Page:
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Historical Records of New Zealand

Rev. S. Marsden to the Church Missionary Society

Rev. S. Marsden to the Church Missionary Society.

Parramatta, May 2, 1817.

The “Active “sailed from Port Jackson on the 18th of last month, with Messrs. Carlisle and Gordon, and their families. Six page 414 New Zealanders, some of whom had been at Parramatta nearly a year and a half, accompanied them. I sent six head of horned cattle at the same time, as the introduction of cattle among the natives will be a great object to that country, and should any number of Europeans, at any future period, live among the native inhabitants, they will find them of the first importance.

A cow in this colony would have sold, since I resided in it, for one hundred pounds. Government have been at a very heavy expense in bringing cattle from India, the Cape, and even from England, to this colony. I was so fully sensible of the incalculable advantages that cattle would be of to New Zealand that I determined to send some for breeding; and I shall, therefore, from time to time send a few oven, till there be a sufficient quantity to breed from. Milk, butter, beef, and labour these cattle will soon produce to the inhabitants; and if the number of settlers should be increased, they will greatly promote their support and comfort.

I hope and pray that this object may succeed, and that New Zealand may soon become a civilized nation. I see no difficulties in the way, so far as the heathen themselves are concerned. If those who are employed in the work will only do their duty honestly and faithfully, the work must prosper, whatever opposition may be raised against it. The greatest enemies of the Gospel must acknowledge that the natives of New Zealand are prepared for any instruction which the civilized world will bestow upon them, as they possees both talent and inclination for improvement.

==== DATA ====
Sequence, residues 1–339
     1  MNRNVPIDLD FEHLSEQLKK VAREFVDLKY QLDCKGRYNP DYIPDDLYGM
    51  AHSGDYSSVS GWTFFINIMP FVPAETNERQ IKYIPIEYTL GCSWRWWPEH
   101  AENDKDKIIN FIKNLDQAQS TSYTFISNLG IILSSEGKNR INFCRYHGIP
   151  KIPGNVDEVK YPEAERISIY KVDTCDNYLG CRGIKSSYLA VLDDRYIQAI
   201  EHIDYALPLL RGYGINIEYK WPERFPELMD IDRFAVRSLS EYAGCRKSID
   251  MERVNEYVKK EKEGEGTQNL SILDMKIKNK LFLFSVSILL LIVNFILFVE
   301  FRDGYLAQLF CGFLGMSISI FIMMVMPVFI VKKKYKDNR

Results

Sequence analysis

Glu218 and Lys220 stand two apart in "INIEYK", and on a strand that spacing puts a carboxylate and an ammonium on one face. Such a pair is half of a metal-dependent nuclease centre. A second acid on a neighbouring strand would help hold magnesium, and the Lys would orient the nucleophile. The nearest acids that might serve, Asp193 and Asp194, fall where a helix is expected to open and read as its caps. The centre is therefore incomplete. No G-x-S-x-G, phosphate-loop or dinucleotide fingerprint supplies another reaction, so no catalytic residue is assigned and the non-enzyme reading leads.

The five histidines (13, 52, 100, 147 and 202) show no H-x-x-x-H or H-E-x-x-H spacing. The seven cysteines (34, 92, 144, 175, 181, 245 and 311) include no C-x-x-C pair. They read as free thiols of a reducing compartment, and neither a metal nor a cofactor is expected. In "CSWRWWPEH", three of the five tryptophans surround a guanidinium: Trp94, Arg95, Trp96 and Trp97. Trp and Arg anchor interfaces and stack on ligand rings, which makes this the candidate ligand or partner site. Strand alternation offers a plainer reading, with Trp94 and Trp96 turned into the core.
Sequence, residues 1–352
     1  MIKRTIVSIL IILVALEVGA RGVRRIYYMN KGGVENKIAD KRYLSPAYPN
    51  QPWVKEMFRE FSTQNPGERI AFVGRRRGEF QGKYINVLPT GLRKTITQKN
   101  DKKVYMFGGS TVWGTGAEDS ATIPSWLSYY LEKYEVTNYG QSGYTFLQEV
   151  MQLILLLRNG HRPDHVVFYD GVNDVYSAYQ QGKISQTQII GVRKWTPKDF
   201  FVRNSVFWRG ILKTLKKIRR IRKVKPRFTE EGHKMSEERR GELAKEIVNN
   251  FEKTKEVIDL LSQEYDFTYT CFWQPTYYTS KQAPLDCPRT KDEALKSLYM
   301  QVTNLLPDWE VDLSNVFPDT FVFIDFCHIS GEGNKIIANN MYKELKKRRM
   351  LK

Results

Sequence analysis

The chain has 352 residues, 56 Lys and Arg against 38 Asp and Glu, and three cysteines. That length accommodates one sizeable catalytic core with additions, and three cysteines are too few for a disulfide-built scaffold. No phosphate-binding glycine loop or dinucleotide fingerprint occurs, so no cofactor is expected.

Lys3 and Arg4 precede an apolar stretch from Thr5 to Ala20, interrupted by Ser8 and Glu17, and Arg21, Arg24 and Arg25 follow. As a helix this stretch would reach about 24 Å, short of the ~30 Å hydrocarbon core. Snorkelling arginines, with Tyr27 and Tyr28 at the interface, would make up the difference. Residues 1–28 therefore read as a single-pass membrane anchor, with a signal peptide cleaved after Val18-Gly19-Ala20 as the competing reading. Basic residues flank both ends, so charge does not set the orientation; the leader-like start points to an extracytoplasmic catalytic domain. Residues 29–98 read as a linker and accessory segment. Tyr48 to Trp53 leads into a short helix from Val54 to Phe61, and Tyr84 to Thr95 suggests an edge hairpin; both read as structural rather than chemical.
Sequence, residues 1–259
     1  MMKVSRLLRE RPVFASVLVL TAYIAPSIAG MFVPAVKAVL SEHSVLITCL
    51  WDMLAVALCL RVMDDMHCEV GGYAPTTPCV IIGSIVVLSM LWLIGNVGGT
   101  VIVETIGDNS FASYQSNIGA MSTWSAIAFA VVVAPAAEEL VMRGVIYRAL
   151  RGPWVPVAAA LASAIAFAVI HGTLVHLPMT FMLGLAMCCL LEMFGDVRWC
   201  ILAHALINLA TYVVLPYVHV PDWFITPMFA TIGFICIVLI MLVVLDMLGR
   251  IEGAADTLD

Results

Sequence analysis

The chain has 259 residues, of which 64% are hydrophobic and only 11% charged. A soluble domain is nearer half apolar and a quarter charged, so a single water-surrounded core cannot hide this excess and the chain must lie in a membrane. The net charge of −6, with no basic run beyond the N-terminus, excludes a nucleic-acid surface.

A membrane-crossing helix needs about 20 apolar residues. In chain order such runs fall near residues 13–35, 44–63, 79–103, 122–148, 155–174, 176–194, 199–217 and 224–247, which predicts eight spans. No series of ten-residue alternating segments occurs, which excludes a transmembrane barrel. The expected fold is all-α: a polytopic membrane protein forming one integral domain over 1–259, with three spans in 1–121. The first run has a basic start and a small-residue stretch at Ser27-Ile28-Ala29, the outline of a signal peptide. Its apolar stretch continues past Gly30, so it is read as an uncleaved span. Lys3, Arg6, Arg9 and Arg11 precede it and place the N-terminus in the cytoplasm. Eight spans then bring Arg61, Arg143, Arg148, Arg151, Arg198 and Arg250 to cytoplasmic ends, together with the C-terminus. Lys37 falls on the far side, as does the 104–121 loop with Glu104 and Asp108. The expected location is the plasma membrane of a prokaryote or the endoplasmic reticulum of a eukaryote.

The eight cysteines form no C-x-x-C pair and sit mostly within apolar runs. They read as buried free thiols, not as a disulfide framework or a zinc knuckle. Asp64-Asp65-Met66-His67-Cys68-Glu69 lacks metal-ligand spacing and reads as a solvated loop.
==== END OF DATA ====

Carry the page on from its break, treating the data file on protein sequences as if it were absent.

I believe that the time is now come for these nations to be called into the outward church, at least. The way is clear; and Divine Goodness will provide the means for their instruction. I admit that many difficulties will be met with on all untried ground; and that the wisest men will sometimes mistake in their views of accomplishing their objects with respect to a nation which has had no intercourse with the civilized world: yet these difficulties will be overcome, under the blessing of God, by constant perseverance; and I have no doubt but that this will be the case in the present instance with regard to New Zealand. Time will make this matter more easy. The work is now begun: the foundation is now laid: and I hope we shall soon see the structure rise.

I have directed Mr. Gordon to apply himself wholly to agriculture till the settlement is independent of this colony for bread; and till they have it in their power to give a little bread to a hungry native, and to feed the children in the school. When the chiefs come to understand the value of wheat, which they will soon do, the inhabitants will then turn from the habits of war to the pursuits of agriculture; which will supply all their wants, page 415 and will check that warlike spirit which they now possess. Those who have been at Parramatta, and have seen the advantage of bread, often tell me what they will do when they return to their home. I shall greatly rejoice to hear that they have turned their attention to agriculture. They have taken over with them fruittrees of various kinds; and have already got peaches in perfection. I think vines would do well, from the nature of the soil and climate. I shall, from time to time, send over different plants, as they may be useful at some future day.